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Posts Tagged ‘Franklin’

Originally published in the Enumclaw Courier, September 10, 1909

The Labor Day celebration at Black Diamond was a notable event, and all the arrangements were carried out in good style. The crowd in attendance was said to be the largest ever seen at the Diamond.

The parade in the morning showed a full turnout of United Mine Workers, and there were three bands in line. Burnett had some sixty men in line, led by the Enumclaw band, and several hundred came from Seattle, Renton, Ravensdale, and Franklin. The Seattle and Black Diamond bands gave excellent music throughout the day.  (more…)

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Originally published in The Seattle Star, May 26,1902

Franklin coal mines

Franklin coal mines

W.G. Hartanft, county superintendent of schools, has made arrangements for the teachers to spend a day at the Franklin and Black Diamond coal mines. These mines are situated just at the entrance of Green River Canyon, among delightfully interesting scenes of the Cascades.

The excursion train will leave from the Ocean dock at the foot of Washington Street, Saturday at 8:30 a.m., and all the teachers and their friends are invited. The fare is $1 a round trip. This is one-half the regular fare. Mr. Hartanft suggests that rubbers and a mackintosh will be necessary in going through the mines.

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Originally published in Seattle Daily Times, May 20, 1919

Delegates from the various mining camps of the Pacific Coast Coal Company met recently in Black Diamond and formed an athletic and first aid association which promises to become a factor in the community.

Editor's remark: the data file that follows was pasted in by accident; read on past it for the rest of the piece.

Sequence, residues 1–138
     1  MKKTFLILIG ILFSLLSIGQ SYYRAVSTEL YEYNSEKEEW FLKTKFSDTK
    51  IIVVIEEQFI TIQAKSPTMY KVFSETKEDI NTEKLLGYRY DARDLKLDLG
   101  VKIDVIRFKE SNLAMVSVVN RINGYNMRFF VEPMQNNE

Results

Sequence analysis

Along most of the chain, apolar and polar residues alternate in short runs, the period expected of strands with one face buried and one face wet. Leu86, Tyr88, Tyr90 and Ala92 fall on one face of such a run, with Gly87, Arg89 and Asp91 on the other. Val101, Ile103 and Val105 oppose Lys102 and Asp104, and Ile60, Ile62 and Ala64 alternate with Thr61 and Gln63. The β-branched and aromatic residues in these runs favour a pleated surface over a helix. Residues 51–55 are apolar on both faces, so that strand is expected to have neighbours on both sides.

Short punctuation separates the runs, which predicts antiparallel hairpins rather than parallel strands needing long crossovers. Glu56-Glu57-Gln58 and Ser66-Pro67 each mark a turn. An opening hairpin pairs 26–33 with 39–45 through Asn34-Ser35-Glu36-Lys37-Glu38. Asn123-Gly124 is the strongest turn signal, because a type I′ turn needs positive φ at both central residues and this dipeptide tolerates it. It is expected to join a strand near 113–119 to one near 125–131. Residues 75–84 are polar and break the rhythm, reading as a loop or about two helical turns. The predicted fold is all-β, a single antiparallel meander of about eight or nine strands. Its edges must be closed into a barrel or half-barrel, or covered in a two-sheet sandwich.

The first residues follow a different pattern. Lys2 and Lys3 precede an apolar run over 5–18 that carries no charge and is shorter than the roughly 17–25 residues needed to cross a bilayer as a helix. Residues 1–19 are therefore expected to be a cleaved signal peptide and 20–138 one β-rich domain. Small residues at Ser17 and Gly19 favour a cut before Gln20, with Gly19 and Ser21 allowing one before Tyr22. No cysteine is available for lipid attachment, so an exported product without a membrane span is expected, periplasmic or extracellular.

The object of the association is to promote clean sport, build and equip clubhouses at the various camps, and to revive interest in healthful outdoor exercise. Two contests will be held in the near future, with prizes offered. The camps represented include Black Diamond, Newcastle, Issaquah, Burnett, Franklin, and the Seattle shops.

The following officers were selected to act as an advisory board: Ernest Newsham, honorary president; Stephen H. Green, honorary vice president; N.H. Freeman, president; Frank Rice, vice president; Dr. Mallory, treasurer; G.F. Clancy, secretary; one delegate from each camp.

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Originally published in The Seattle Daily Times, March 17, 1929

George Watkin Evans is asked to solve problems of anthracite diggings for Pennsylvania firm

George Watkin Evans, Seattle mining engineer, chosen to make survey of Pennsylvania anthracite fields.

George Watkin Evans, Seattle mining engineer, chosen to make survey of Pennsylvania anthracite fields.

Industrial wise men of the East have reached into Seattle to capitalize the wealth of experience acquired by a grimy Welsh lad since he began at the age of 11 oiling coal cars in mines at Franklin.